In most developed markets, smartphones are increasingly kept for longer and consumers are more loyal to electronics brands than ever before. To continue to drive growth, brands are putting emphasis on their wider portfolio of electronic devices, hoping that a good experience with a smartphone will lead to greater adoption of products from the same brand.
Together, the two largest smartphone brands – Apple and Samsung – are owned by 75% of the population in Great Britain and the United States. Both brands also enjoy more than 75% loyalty in these markets. This means there are fewer accessible consumers to win. Finding sales through growing penetration of additional device categories has become an absolute priority for these brands.
Tablets, wearables (smartwatches and fitness bands), and laptops are all key growth areas for Apple and Samsung. Penetration of these categories is lower, presenting an opportunity to grow through attracting their smartphone customers to buy into those categories, as well as from existing category owners repurchasing.
Kantar’s Worldpanel ComTech data shows that in the United States and Great Britain, very few consumers already own all four device types (smartphone, tablet, laptop, and smartwatch): less than 10% of smartphone owners across both countries.
Table 1: Share of number of devices owned, among smartphone owners
This small proportion of highly connected consumers are technology enthusiasts. These consumers keep up with the latest phone trends, are the first to buy a new phone, pay more for phone quality and features, and use most of the features on their phone. Tech savviness amongst multi-device owners is also reflected in the smartphone screen size that these consumers opt for. 60% of consumers in the US and 59% in Great Britain with four devices have smartphones with a screen size of 6.0” or more, versus 38% and 44% respectively amongst those with only a smartphone.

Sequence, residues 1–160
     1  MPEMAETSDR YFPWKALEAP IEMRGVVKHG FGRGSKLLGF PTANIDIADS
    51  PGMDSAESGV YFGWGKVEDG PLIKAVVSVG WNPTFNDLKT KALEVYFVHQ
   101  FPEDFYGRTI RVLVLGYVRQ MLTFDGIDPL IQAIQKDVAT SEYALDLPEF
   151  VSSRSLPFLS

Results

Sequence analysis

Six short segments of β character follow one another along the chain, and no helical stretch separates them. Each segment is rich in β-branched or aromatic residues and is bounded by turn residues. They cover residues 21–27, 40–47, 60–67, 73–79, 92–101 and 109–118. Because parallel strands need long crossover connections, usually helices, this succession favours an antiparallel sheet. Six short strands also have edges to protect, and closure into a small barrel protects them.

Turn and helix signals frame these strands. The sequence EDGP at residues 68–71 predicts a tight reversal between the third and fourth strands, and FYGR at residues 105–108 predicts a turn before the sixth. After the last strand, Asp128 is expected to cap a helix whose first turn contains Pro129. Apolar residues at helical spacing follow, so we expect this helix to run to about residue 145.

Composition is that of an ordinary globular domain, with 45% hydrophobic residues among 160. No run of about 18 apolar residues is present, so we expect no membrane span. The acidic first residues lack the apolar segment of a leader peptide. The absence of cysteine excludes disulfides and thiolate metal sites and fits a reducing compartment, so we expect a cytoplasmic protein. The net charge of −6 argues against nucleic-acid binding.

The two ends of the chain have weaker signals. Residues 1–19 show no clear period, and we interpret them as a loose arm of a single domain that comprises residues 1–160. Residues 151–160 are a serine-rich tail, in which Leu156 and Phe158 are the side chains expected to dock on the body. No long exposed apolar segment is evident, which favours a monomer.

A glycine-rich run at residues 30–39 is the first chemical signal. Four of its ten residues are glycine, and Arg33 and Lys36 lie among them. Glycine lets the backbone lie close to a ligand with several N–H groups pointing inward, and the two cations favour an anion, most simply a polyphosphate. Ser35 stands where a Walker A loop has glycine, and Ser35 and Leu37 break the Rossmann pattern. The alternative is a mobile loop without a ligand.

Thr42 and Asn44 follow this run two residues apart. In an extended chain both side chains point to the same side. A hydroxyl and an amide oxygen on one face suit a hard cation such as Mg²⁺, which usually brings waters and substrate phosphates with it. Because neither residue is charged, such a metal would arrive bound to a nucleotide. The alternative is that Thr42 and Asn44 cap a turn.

The great news for brands is that increasing adoption of these wider categories will likely benefit them directly. 60% of consumers in Great Britain and the US state that they prefer consumer electronic brands that they are already familiar with. 17% state that it is important for them to synchronise all their electronic devices. The chances are – if consumers can be convinced to adopt tablets, laptops, and wearable devices – they will purchase the same brand as their smartphone.
A question brands will ask is whether multiple connected device ownership impacts consumers experience with their smartphone. Will consumers choose to browse social media on their tablet, track their health on their wearable, or create documents on their laptop? Engagement with smartphone devices leads to satisfaction, which ultimately drives loyalty and sales, so this is an important question to ask.
Smartphone usage activity increases in the US among those with three or more devices. In Great Britain there is a step change for consumers with four or more devices.
Table 2: Average number of weekly smartphone activities, by number of devices owned
When looking at device ownership combinations and resulting usage, it is tablets that compete most with smartphones. Entertainment (streaming video and music services, and downloading videos), mobile shopping, and creating/editing documents are less likely to be done on smartphone if the consumer also has a tablet.
Within the Android ecosystem it seems that multiple device ownership has an even more pronounced influence on smartphone usage than in iOS.
Table 3: Average number of weekly smartphone activities, by number of devices owned within the same OS Eco-system
So, there are compelling reasons for manufacturers to build their brand presence across the full device eco-system:
- Smartphone sales are harder to come by than ever before. Therefore, brands must diversify their revenue generation across other types of hardware.
- Multiple device ownership generally increases engagement and activity with the smartphone, leading to higher satisfaction and increased brand loyalty.
- Consumers who own multiple devices are more likely to agree with attitudinal statements that reflect an entrenched eco-system consumer, indicative of consumers who are more likely to stay brand loyal; “I prefer to buy the same brand across mobile technology categories” and “It is important for me to be able to synchronise all my electronic devices”
Understanding brand/OS usage and loyalty across the ecosystem is a complex task, and insights to understand the key drivers is essential.